What are some example of similies used in The Cask of Amontillado?

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literaturenerd's profile pic

literaturenerd | High School Teacher | (Level 2) Educator Emeritus

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There are multiple examples of similes in Edgar Allan Poe's short story The Cask of Amontillado. To begin, one must understand what a simile is so that they can identify them within a text.

A simile is a comparison made between two, typically, unlike things using the words "like" or "as" in the comparison. An example would be: She sings like a nightingale. (A metaphor is very similar, but does not use "like" or "as" in the comparison. Instead the comparison is direct. For example, She is a nightingale.)

Use caution when looking for similes though--just because the word "like" or "as" appears does not make something a simile. Be sure that there is a comparison being made.

As for the text itself, there are only two examples of similes.

"The nitre!" I said: see it increases. It hangs like moss upon the vaults.

Here, the nitre (chemical (KNO3) deposits which collect in caverns) is compared to moss hanging down.

In painting and gemmary, Fortunato, like his countrymen, was a quack.

In this example, Fortunato is compared to his countrymen (very weak simile though, given the comparison made is not necessarily unlike).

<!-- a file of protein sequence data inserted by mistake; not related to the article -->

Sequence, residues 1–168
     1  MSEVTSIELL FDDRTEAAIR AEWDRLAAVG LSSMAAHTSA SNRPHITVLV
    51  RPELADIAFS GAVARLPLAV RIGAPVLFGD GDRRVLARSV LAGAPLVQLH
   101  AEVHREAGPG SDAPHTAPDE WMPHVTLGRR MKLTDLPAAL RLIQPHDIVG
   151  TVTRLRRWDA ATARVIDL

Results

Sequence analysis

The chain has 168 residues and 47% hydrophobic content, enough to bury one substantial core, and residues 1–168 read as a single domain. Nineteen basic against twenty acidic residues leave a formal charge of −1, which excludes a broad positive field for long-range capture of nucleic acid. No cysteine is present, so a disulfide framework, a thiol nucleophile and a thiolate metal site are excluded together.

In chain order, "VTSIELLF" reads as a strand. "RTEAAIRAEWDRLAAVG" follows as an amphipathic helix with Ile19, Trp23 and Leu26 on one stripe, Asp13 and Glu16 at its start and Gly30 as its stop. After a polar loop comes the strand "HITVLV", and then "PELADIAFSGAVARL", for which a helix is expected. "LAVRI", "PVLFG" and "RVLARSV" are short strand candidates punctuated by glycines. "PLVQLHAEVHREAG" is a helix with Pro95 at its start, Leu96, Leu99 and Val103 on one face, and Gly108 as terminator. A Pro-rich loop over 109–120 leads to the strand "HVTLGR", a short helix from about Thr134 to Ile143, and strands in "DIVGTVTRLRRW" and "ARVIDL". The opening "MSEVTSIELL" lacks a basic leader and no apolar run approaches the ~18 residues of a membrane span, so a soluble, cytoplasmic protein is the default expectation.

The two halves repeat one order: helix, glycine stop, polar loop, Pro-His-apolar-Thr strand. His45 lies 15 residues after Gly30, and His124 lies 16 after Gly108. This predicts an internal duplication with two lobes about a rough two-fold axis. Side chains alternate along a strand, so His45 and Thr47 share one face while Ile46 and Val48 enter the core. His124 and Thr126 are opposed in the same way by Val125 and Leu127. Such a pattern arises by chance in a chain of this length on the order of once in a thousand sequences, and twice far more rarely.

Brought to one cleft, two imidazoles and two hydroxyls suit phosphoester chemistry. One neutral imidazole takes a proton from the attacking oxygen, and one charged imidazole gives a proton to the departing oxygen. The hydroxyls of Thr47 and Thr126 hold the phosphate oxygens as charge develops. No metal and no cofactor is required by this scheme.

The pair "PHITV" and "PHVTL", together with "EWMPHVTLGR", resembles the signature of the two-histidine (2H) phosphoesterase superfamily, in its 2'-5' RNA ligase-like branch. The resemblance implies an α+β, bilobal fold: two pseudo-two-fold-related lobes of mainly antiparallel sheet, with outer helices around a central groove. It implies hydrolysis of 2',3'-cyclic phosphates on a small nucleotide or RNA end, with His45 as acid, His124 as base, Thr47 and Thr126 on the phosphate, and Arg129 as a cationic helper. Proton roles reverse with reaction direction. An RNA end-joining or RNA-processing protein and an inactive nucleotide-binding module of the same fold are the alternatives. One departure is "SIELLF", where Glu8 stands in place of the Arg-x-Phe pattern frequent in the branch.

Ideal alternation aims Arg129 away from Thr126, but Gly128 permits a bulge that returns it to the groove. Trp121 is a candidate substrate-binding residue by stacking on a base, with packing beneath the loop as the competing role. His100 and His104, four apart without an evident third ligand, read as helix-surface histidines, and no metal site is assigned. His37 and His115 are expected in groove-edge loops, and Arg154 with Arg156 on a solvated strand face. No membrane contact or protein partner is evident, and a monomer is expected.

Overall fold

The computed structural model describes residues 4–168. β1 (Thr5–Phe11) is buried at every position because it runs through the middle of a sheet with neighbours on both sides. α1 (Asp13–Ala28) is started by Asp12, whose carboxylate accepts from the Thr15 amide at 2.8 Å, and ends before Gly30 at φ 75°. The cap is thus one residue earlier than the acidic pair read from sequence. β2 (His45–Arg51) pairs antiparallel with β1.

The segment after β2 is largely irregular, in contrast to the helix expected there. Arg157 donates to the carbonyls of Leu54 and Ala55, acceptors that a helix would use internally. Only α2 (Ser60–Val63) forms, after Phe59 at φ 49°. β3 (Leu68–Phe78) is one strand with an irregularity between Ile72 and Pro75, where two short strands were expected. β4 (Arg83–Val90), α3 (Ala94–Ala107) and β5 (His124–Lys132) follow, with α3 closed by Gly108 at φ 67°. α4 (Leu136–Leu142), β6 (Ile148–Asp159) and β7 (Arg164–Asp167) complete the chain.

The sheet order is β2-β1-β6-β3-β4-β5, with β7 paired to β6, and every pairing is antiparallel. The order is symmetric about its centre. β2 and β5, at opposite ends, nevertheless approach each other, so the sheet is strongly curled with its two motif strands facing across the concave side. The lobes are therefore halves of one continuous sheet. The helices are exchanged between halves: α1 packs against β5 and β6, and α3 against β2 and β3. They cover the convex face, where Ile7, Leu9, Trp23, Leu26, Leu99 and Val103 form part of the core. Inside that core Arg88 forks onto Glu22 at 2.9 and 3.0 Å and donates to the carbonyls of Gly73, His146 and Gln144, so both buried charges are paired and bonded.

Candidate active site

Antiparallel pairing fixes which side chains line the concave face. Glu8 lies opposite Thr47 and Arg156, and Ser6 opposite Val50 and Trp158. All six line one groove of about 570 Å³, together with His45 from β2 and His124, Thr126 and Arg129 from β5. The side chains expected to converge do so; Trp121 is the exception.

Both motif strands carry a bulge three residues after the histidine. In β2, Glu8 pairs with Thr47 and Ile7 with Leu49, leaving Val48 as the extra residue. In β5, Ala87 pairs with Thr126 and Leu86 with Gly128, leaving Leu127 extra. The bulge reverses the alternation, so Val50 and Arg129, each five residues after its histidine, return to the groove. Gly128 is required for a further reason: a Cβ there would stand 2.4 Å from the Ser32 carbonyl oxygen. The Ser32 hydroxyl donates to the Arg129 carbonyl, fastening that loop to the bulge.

favoritethings's profile pic

favoritethings | High School Teacher | (Level 2) Senior Educator

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As the other educator pointed out, a simile typically compares two unlike things; therefore, comparing two people isn't an incredibly strong simile because two people are not so very different, but Montresor does use a simile to compare Fortunato's current state to the way Montresor was in his own past. He says, "You are rich, respected, admired, beloved; you are happy, as once I was."  Montresor is attempting to flatter Fortunato, telling him how much he would be missed if something happened to him because he is so important to the life of the community; Montresor further flatters Fortunato by implying that Montresor, himself, is no longer important in this same way, though he "once was." Therefore, Montresor compares the Fortunato of the present with the Montresor of the past.

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